17 thoughts on “Defining Metaphysical Literature

  1. Very interesting post, Niamh, very. I recognise that, in any poetry, which has any depth to it, human response to certain situations lies in that metaphysical state, which causes us to draw on a deeper level of understanding, what is it that truly makes us tick; Such is the poet’s lot..!

    I am interested in the word noumenal. If phenomena describe, or are described by the senses and noumena are not, then the latter excludes the physical: sight, sound, smell, taste and touch and combinations thereof. These are merely the physiological phenomena, which are in turn our responses to certain stimuli, including and chiefly the products of emotion, the voices of our soul. Oh, what grist to the poet’s mill … 🙂

    I suspect that, in John Donne’s time, it would have taken much more courage to speak of the metaphysical, which may have been considered heretical, running counter to strict religious doctrine of the time, which would have insisted that everything came from our creator; every aspect of our lives were explained by Him? I admit I have not read much of John Donne’s poetry, though I do own a very small (literally) and ancient book of his work. However, I have read little of Paolo Coelho and nothing of Hermann Hesse, and Jean Paul Sartre’s work, so that needs rectifying sometime.

    Reading list … where did I put my reading list?


  2. PoetJanstie: Thank you for taking the time to leave such a comprehensive response. The senses that engage with the noumenal are the inner senses such as feeling and intuition (I do not mean intuition in the populist sense. I mean the ability to cross boundaries of time into a future sense of something.) Nothing can be known of noumenal reality ~ not even that it exists. All we have; therefore, is metaphysical conjecture which must be based on a “matching” of inborn, innate knowledge hidden in the soul, and its correspondences in the outer world. When inborn knowledge breaks through into people’s personal lives and stories, we experience transcendence for a fleeting moment. The poet’s task is to capture such moments in my humble opinion. All we have to tell the story of divinity is metaphor.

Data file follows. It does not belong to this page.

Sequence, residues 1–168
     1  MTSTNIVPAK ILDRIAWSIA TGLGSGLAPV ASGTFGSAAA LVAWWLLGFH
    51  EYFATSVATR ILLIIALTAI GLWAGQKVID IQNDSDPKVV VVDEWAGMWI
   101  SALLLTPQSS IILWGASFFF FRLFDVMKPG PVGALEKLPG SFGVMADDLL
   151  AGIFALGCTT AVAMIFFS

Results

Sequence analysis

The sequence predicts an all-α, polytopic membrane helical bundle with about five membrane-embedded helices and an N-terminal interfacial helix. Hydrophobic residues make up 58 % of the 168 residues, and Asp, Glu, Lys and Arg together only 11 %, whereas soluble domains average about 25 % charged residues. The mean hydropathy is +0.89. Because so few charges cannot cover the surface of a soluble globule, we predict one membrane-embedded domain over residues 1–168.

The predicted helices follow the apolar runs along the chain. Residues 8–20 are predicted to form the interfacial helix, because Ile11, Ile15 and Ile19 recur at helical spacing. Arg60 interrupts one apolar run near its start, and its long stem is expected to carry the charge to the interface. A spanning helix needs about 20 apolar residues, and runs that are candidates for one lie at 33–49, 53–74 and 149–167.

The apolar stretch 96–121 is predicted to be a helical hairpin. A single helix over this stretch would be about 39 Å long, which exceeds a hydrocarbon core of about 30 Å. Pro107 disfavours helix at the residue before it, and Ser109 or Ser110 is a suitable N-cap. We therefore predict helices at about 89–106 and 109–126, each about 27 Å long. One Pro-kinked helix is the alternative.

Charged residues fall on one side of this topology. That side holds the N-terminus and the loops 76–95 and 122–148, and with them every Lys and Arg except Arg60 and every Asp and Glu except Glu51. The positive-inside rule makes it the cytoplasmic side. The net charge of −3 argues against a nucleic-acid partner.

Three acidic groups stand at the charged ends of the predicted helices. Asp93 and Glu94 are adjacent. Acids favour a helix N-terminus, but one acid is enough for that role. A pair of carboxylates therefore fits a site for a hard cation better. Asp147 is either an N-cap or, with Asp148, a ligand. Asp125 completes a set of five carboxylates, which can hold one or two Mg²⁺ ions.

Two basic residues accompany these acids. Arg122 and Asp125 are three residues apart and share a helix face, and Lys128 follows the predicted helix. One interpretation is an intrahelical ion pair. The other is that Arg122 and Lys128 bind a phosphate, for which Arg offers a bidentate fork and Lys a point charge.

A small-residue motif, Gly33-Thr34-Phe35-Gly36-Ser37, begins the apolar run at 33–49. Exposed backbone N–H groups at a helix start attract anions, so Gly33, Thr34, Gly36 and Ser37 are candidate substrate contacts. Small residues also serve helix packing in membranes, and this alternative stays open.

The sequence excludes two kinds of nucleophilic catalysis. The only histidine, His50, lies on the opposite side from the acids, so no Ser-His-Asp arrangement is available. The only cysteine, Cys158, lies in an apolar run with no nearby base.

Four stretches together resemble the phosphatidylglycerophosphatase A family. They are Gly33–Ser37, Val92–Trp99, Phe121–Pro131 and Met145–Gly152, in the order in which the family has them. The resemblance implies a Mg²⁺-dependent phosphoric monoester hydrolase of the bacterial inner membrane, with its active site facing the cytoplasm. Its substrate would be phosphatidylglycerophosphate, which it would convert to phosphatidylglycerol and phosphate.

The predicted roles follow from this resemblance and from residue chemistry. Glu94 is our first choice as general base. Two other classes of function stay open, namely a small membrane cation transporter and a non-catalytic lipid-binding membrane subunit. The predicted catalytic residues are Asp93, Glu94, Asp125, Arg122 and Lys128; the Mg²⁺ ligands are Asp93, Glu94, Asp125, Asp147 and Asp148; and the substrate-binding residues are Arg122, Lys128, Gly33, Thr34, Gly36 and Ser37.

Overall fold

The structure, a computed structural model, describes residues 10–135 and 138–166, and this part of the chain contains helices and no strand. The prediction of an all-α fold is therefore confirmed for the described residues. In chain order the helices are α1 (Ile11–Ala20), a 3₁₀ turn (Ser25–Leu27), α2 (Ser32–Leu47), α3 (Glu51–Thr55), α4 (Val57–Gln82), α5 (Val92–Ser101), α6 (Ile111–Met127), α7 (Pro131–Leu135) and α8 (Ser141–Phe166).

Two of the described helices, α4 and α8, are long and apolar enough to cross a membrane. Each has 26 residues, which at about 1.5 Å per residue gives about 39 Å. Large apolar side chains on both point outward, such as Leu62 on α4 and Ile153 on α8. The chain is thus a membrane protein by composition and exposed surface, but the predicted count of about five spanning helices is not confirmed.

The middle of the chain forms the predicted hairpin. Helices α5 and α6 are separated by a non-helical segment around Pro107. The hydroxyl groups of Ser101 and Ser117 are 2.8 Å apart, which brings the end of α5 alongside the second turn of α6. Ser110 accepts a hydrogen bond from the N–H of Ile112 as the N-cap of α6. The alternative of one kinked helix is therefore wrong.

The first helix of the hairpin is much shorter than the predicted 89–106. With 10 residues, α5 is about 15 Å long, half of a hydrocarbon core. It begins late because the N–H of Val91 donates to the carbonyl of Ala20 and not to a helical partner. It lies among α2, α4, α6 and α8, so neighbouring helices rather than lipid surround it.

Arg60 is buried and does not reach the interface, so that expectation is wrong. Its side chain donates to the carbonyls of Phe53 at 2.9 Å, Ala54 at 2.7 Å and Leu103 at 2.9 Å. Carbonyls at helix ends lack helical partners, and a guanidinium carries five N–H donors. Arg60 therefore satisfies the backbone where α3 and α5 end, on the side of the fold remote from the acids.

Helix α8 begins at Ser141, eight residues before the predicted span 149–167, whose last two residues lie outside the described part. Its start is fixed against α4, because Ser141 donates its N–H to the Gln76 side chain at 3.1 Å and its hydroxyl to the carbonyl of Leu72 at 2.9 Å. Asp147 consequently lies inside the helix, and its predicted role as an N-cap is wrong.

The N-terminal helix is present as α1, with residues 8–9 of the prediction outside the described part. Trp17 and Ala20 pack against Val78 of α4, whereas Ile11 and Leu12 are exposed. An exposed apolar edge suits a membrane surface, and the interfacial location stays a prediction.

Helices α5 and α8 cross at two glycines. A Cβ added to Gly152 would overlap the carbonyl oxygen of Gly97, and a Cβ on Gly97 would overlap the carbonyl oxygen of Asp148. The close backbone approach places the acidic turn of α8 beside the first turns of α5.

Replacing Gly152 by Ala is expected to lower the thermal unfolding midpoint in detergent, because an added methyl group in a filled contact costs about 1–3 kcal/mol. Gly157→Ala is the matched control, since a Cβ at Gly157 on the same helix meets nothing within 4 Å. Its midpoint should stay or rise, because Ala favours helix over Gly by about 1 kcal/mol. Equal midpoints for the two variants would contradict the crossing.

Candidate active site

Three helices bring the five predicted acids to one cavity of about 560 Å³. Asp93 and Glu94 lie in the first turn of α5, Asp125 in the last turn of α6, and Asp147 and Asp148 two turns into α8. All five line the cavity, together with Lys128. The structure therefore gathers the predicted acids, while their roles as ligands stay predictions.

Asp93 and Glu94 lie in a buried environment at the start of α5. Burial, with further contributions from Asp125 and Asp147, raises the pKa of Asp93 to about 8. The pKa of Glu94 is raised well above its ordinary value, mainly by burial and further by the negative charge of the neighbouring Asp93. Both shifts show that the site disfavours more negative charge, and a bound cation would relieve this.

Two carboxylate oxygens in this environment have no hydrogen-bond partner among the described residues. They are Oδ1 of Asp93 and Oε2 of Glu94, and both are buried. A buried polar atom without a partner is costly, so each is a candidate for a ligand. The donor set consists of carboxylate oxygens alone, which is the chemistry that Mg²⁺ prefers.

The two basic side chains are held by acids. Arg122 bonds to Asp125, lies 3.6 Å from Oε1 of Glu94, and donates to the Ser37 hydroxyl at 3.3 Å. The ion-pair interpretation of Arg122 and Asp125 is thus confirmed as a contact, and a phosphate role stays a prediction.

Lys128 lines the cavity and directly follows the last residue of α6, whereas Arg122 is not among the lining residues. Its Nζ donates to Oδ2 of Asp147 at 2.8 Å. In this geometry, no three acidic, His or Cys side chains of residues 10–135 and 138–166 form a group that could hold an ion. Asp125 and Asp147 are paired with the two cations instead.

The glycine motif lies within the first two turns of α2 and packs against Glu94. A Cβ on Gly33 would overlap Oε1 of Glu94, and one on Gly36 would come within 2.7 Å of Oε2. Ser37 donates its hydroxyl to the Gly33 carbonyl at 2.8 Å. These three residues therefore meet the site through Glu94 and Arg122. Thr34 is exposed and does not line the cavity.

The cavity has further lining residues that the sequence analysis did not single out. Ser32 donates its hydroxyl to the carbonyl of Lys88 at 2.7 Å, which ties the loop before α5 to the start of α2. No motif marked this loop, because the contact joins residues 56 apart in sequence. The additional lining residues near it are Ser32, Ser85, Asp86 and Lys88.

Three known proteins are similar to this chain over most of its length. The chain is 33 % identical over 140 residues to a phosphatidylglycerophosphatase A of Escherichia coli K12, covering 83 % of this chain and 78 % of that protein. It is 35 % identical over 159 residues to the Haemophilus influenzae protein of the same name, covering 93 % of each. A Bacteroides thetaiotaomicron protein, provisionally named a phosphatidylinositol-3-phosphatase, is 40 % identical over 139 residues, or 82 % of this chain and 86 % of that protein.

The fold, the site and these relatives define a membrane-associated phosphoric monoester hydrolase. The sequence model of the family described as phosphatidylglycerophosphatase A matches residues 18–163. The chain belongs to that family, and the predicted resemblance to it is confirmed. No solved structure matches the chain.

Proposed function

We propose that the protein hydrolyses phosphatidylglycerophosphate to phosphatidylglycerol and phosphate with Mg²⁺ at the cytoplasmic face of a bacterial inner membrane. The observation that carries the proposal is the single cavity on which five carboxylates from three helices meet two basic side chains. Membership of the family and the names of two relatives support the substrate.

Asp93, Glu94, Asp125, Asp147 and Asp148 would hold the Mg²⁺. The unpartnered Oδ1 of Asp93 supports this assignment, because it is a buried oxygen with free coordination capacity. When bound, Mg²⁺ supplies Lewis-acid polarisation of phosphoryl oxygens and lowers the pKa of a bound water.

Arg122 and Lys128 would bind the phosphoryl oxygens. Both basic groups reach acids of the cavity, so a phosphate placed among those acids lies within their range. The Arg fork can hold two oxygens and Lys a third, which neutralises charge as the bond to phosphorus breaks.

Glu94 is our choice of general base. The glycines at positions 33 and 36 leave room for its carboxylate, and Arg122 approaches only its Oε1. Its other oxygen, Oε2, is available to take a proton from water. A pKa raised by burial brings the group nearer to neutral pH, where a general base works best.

3. Niamh, For myself, I can’t imagine life without a search for the metaphysical…it seems to be ingrained in humanity. Just considering the history of myth underlines this, at least for me. I recently listened to a course from The Great Courses (The Teaching Company) entitled something like “Spirituality and the Brain.” The professor was a neurologist and neuroscience researcher. The point I took from it, to put it simply, is that we are wired for something beyond that which we can experience through the senses. There was an interesting diversity of reviews on the website, of course–based on each reviewer’s point of view. And I do believe that poetry is emerging ever more as a way of expressing our metaphysical insights. Thanks for this post.


    1. And thank you for your great comment, Victoria. Yes we are able to perceive that which cannot be perceived by our physical senses. I describe it as an internal organ of sight, which is able to perceive those thing that exist under mind…the nameless, pre-verbal, numinous flashes of insight ~ direct-spirit-knowing.


    1. Yes! Patricia…all are… Metaphysics is just a specific and little understood medium that makes art from philosophy and aspires to bridge the often-constructed chasm between science and art.


  4. Donne- and Marvell- and Vaughan- used extended metaphors, certainly- but they chose to compare things- not because they were similar to each other, but because they were wildly different. Think of Donne comparing two lovers to a pair of compasses, Marvell comparing his love to geological ages.

    But metaphysical poetry also implies some argument, some progression. It’s not a collection of pretty pictures, or pretentious self indulgence- it’s banging two or three disparate ideas and then watching the sparks.